Collaborating Authors

AVA: The Art and Science of Image Discovery at Netflix


At Netflix, the Content Platform Engineering and Global Product Creative teams know that imagery plays an incredibly important role in how viewers find new shows and movies to watch. We take pride in surfacing the unique elements of a story that connect our audiences to diverse characters and story lines. As our Original content slate continues to expand, our technical experts are tasked with finding new ways to scale our resources and alleviate our creatives from the tedious and ever-increasing demands of digital merchandising. One of the ways in which we do this is by harvesting static image frames directly from our source videos to provide a more flexible source of raw artwork. Merchandising stills are static video frames taken directly from the source video content used to broaden the reach of a title on the Netflix service.

Netflix's Latest Innovation Could Be Its Ruin


As I scan my Netflix page, which rectangular tiles leap to the forefront of my attention? There's Sexify, with its promotional photo of a woman's face seemingly captured at the peak of passion. Or maybe I should watch Lucifer, its star staring shirtlessly into my soul, his chest so uncannily hairless it looks like a video game character's. The answer to What Lies Below might be a jacked aquatic geneticist with a Superman jaw line, but other mysteries are left teasingly unsolved by Netflix's most popular titles. For a while this spring, Why Did You Kill Me? jostled for space on the Top 10 list with Who Killed Sara?

Is Netflix stalking you?


Humans have the attention span of a goldfish, giving companies like Netflix just a few seconds to woe you before it loses you to a competing service or something other activity. Netflix wants to grab your attention say like a new boyfriend, but does it do this without spamming you with texts or calls? Getting a little technical here, Netflix relies heavy on batch machine learning approaches information gathered by algorithms that reflect A/B testing. Okay, Okay I know this was too much so imagine you are someone who watches more thrillers or mysteries you will see a thumbnail with Archie, Betty, and Veronica looking at you all intense emoting suspense. Now imagine me as someone who watches more romance and high-school drama, actually scrap that KNOW ME as someone who loves it -- I'm all about the notebook, the vow, and letters to Julliet.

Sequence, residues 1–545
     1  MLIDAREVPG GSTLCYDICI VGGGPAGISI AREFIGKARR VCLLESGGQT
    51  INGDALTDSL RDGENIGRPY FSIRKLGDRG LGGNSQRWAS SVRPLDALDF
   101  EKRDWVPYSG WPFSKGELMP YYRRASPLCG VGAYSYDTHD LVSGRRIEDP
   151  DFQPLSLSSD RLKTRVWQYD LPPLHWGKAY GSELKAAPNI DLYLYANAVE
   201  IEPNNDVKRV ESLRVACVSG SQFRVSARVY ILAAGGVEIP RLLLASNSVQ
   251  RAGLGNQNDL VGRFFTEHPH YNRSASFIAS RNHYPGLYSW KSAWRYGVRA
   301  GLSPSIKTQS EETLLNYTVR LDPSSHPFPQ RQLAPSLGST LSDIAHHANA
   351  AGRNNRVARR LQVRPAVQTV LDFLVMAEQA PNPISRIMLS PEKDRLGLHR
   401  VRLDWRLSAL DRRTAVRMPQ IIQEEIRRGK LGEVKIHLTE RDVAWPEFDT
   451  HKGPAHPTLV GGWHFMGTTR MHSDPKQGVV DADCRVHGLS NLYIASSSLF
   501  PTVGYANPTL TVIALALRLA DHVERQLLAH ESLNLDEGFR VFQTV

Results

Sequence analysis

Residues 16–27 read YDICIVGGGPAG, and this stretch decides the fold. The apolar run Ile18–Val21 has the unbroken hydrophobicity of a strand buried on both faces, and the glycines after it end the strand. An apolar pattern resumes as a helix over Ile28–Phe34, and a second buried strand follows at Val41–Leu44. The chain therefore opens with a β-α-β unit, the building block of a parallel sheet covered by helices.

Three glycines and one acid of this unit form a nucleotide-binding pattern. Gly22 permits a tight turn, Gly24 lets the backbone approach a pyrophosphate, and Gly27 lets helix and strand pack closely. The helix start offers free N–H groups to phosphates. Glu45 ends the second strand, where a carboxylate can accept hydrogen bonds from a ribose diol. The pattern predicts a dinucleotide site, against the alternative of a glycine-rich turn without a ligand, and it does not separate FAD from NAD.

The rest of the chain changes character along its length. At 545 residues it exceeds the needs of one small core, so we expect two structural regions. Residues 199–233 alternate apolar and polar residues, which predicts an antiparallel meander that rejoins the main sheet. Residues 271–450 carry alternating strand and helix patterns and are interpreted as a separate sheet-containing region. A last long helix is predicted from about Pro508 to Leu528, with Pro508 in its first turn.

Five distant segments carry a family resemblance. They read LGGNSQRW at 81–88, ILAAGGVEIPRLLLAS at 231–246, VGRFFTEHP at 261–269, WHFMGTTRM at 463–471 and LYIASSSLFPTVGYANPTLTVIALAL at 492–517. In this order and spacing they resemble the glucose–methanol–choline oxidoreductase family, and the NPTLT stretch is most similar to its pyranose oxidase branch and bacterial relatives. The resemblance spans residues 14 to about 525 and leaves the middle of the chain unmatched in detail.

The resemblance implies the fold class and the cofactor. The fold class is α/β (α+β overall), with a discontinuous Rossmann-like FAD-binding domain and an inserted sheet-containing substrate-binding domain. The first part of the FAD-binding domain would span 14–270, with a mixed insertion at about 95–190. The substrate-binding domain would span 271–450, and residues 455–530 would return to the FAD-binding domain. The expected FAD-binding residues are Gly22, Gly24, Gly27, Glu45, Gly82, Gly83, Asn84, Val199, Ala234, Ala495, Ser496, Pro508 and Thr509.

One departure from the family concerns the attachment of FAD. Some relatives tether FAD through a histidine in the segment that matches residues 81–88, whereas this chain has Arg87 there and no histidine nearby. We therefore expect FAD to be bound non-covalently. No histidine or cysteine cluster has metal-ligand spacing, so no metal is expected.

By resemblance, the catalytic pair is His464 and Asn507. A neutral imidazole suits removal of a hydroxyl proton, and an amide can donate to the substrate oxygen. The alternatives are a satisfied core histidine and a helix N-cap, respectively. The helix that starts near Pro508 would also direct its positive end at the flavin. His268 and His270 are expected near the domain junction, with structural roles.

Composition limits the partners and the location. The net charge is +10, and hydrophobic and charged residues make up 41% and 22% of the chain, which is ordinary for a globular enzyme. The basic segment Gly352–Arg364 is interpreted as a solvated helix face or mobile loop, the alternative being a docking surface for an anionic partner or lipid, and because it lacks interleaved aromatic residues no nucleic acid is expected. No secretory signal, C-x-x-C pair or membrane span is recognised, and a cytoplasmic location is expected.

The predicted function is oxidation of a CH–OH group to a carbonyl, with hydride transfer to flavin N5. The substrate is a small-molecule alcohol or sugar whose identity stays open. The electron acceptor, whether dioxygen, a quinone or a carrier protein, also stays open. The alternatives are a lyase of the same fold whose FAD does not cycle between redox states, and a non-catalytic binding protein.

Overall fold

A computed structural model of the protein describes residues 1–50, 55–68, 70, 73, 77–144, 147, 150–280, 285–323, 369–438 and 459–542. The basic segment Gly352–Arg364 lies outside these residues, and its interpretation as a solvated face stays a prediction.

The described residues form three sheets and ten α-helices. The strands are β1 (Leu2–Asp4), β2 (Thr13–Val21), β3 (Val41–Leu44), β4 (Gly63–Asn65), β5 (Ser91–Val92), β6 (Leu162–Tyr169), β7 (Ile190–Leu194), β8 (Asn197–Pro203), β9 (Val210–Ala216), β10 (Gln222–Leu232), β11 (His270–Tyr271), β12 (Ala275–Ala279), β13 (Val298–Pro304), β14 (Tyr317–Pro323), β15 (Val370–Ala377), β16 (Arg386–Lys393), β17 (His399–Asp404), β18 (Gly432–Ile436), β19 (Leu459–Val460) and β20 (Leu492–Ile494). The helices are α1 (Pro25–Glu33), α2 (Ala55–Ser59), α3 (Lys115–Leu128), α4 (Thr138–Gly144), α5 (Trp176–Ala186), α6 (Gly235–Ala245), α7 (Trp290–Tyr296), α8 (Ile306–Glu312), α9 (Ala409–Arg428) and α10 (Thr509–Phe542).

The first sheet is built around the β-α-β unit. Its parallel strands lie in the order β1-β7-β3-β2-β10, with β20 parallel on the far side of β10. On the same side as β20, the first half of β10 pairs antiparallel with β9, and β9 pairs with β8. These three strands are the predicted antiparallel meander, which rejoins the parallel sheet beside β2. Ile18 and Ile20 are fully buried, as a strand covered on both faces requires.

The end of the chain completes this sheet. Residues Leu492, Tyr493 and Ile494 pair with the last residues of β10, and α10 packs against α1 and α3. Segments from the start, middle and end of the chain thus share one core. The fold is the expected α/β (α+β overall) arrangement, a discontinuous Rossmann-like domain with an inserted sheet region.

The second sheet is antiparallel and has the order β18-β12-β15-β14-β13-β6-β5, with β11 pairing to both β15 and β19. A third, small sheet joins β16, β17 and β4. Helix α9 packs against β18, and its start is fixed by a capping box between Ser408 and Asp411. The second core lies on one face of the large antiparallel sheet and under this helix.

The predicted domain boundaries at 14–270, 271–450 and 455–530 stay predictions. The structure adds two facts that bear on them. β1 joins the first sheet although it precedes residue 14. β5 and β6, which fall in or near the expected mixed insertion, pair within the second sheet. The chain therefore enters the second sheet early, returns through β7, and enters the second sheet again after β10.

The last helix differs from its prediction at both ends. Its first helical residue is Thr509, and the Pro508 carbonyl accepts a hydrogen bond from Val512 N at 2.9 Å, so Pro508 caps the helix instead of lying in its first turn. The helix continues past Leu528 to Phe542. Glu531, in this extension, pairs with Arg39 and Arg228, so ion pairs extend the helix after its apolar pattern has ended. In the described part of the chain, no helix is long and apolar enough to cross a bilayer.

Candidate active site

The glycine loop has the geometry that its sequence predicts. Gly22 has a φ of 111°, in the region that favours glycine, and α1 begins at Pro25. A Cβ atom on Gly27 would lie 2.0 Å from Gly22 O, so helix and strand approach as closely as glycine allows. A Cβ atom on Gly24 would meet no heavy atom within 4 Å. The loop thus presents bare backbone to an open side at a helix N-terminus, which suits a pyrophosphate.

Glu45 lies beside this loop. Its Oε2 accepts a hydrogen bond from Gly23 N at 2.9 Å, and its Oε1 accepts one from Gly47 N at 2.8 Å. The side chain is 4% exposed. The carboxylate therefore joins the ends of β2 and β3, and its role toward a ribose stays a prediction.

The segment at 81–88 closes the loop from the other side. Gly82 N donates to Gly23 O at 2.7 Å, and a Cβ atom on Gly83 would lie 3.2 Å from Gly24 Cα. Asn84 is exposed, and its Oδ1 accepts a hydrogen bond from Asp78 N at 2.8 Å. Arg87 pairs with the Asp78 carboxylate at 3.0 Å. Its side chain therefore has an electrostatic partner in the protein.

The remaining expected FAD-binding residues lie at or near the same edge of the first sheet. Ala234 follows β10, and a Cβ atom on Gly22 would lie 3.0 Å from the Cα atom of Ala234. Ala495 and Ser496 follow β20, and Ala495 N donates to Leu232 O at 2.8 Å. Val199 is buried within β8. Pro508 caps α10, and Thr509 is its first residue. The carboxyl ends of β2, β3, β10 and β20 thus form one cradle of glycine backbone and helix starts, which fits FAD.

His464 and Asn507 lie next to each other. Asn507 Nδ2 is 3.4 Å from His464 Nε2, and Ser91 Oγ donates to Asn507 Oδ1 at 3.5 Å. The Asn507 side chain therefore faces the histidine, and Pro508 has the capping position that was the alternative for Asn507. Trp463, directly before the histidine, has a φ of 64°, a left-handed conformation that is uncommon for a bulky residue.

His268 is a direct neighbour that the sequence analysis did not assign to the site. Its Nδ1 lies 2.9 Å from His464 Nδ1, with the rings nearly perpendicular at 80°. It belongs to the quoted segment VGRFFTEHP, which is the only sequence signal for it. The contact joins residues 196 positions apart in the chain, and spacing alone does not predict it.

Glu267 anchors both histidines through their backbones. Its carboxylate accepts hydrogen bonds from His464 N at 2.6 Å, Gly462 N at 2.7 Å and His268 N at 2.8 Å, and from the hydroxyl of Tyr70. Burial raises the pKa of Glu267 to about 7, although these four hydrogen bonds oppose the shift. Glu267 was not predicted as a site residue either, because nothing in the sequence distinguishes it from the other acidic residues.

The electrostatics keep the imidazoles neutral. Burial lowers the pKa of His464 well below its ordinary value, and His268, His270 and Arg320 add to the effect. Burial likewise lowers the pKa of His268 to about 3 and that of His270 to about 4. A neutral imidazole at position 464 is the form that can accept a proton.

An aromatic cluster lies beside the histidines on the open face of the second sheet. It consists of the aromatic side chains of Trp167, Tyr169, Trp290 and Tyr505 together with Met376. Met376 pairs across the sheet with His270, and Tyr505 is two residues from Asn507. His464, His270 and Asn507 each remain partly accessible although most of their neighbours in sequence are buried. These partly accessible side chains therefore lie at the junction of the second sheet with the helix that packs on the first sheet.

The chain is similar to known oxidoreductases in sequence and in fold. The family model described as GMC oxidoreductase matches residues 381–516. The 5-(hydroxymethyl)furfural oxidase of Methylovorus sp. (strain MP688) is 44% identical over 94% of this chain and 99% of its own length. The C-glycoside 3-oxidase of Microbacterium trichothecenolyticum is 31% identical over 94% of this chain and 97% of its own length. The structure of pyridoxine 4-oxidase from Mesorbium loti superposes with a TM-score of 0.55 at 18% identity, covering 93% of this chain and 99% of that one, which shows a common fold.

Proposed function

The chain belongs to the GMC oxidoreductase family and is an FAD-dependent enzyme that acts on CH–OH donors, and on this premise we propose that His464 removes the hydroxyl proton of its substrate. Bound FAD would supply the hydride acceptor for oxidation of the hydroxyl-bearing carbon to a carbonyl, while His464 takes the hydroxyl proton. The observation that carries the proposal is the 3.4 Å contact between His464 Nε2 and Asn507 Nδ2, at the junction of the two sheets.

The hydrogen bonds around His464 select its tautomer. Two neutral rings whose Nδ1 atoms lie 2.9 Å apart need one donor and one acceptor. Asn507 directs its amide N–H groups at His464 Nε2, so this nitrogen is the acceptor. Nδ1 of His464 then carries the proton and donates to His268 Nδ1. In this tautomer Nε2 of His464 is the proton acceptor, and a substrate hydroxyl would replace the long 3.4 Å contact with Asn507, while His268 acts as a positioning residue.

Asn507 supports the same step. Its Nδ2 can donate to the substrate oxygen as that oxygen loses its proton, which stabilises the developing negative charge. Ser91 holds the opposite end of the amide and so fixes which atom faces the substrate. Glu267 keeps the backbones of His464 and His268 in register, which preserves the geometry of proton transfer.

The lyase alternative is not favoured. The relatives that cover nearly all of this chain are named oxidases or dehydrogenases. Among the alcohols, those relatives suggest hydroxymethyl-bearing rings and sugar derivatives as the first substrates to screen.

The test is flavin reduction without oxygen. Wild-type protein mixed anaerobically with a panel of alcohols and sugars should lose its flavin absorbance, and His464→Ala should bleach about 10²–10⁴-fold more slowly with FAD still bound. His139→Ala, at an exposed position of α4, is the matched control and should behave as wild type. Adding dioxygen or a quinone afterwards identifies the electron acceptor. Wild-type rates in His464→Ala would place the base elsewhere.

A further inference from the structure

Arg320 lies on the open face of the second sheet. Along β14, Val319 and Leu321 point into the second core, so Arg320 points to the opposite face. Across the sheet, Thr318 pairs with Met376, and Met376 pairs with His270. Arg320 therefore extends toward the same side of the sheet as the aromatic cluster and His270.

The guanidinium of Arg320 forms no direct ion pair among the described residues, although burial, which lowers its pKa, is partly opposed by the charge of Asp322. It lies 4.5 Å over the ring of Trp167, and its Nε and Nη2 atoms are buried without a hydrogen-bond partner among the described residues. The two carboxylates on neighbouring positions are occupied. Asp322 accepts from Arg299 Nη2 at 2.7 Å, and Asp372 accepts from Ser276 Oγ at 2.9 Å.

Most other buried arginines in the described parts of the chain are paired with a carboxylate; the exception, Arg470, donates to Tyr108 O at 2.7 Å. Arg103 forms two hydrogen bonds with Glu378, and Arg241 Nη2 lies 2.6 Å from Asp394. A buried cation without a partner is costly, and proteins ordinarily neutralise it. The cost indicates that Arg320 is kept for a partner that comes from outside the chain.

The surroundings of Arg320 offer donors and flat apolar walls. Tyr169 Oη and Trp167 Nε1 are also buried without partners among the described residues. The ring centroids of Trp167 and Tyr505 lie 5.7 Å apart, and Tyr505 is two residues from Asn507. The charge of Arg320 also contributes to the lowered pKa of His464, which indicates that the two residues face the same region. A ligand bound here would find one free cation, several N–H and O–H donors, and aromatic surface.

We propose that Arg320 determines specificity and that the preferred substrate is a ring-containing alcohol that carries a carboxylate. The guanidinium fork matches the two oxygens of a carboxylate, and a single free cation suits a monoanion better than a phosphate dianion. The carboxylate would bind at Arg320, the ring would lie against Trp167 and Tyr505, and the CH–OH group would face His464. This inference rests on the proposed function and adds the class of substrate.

Why Netflix Features Black Actors in Promos to Black Users


Last week, Netflix users raised concerns that the company was targeting black users by race in the way it promoted films--highlighting black characters who sometimes had only minor roles in a movie. The debate began after Stacia L. Brown, creator of the podcast Charm City, tweeted a screenshot of the promotion she was shown for Like Father, featuring two black characters, Leonard Ouzts and Blaire Brooks, who had "20 lines between them, tops," rather than the movie's famous white stars, Kristen Bell and Kelsey Grammer. Brown, who is black, posted a handful of other examples where Netflix highlighted black actors, presumably to entice her to watch, even though the films' casts were predominantly white. In response, Netflix issued a carefully worded statement emphasizing that the company does not track sensitive demographic data about its users. "Reports that we look at demographics when personalizing artwork are untrue," the company said in a statement.

We spend more time on Netflix than with friends, exercising or reading -- combined

Daily Mail - Science & tech

If you spend more time watching Netflix than you do with your friends – you're not alone. A new report reveals the average subscriber in America spends one hour and 40 minutes a day binge watching, compared to the 38 minutes a day spent on'socializing and communicating'. This statistic suggests that Netflix fans are on the couching with remote in hand twice as much than they are hanging out with real-life human friends. A new report reveals the average subscriber spends one hour and 40 minutes a day binge watching, which is compared to the 38 minutes a day spent on'socializing and communicating'. The average subscriber spends one hour and 40 minutes a day binge watching, which is compared to the 38 minutes a day they are'socializing and communicating'.